Suvarna Garge (Editor)

Levante UD

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Ground Capacity  26,354
Head coach  Juan Ramón López Muñiz
League  Segunda División
Manager  Juan Ramón López Muñiz
Founded  1909
President  Quico Catalán
Arena/Stadium  Estadi Ciutat de València
Location  Valencia, Spain
Training ground  Buñol Sports City
Levante UD httpsuploadwikimediaorgwikipediaenthumb7
Full name  Levante Unión Deportiva, S.A.D.
Nickname(s)  Les Granotes (The Frogs)
2015–16  La Liga, 20th (relegated)

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Levante Unión Deportiva, S.A.D. ([leˈβante uˈnjon deporˈtiβa], Valencian: Llevant Unió Esportiva [ʎeˈvant uniˈo espoɾˈtiva]) is a Spanish football club based in Valencia, in the namesake community.


Founded on 9 September 1909, it plays in Segunda División, holding home games at Ciutat de València.

Early years

Levante UD was founded in 1909 as Levante Fútbol Club, taking its name from the Levante beach in La Malvarrosa, and was one of the pioneering football clubs in Valencia. Local rivals Valencia CF was not formed until 1919, however another club, Cabanyal FC, had been playing in the city since 1903.

Levante's earliest games were played at La Platjeta, near the docks on a plot of land owned by a perfume entrepreneur. Its next ground was also near the port area, and the club gradually began to become associated with the working class. In 1919, the side played Valencia for the first time, losing 0–1; the game marked the inauguration of the recently formed new ground at Algirós. In 1928, Levante FC won its first trophy, the Valencian Championship.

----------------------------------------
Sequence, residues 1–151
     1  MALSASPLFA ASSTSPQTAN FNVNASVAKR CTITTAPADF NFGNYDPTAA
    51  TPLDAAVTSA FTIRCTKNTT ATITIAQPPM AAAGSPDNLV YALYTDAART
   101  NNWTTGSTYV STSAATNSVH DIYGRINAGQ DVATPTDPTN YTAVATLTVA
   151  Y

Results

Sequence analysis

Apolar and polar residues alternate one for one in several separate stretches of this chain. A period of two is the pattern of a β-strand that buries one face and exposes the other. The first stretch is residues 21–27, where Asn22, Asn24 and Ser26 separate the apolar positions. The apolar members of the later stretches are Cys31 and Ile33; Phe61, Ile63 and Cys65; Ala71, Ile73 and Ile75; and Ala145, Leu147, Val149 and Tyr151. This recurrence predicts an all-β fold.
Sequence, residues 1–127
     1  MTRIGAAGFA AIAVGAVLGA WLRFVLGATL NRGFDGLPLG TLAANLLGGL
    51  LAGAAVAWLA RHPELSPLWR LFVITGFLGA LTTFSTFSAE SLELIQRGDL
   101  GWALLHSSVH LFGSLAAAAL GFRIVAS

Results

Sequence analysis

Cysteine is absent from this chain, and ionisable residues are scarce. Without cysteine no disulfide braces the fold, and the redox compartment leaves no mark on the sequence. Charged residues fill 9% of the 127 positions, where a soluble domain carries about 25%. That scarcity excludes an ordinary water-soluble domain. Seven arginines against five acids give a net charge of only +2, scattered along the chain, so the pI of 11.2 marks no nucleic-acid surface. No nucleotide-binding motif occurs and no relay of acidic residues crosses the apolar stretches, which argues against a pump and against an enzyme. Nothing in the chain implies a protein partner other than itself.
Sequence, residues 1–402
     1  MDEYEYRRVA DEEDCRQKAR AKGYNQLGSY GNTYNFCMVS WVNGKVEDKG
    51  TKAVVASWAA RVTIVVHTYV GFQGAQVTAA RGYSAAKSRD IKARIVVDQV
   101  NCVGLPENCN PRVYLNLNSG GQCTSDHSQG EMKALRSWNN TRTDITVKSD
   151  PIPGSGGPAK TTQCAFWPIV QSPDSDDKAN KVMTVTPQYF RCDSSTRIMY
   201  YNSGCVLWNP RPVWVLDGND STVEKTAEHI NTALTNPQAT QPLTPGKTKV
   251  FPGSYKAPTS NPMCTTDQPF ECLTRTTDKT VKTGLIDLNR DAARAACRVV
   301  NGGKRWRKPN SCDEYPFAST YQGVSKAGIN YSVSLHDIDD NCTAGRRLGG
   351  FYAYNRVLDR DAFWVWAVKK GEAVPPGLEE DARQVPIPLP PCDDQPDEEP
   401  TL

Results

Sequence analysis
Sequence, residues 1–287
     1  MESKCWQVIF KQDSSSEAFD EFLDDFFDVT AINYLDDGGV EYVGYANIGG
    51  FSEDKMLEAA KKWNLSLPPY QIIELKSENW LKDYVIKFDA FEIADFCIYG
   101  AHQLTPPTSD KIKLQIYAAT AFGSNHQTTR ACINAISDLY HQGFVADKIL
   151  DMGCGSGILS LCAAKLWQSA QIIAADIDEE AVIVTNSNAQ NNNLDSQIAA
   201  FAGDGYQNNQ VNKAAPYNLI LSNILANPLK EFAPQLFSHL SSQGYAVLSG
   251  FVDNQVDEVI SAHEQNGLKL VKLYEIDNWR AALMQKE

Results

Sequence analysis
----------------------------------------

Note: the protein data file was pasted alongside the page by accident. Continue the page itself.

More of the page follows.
1909 also saw the birth of Gimnástico Fútbol Club, which originally played at Patronato de la Juventud Obrera, being then named Universitario Fútbol Club. By 1920, the team had become Real Gimnástico Club de Fútbol, after being granted royal patronage by Alfonso XIII. In 1920, Gimnástico also reached the final of the Campeonato de Valencia, but the game was never played; in 1930, with the emergence of the Second Spanish Republic, the club dropped the Real from its name.

In 1934–35, both Levante and Gimnástico debuted in the second division, when the league was expanded from 10 teams to 24. In 1935, Levante won the Campeonato Levante-Sur, a competition that featured teams from Valencia, Murcia and Andalusia, and subsequently reached the semi-finals of the Spanish Cup, consecutively beating Valencia and Barcelona before losing to eventual runners-up Sabadell.

Copa de la España Libre

During the Spanish Civil War, Levante and Gimnástico played in the Mediterranean League, finishing fifth and sixth respectively – teams from this league also competed in the Copa de la España Libre ("Free Spain Cup"). It was originally intended that the top four teams from the league would enter the cup, but Barcelona opted to tour Mexico and the United States, and as a result, Levante took its place.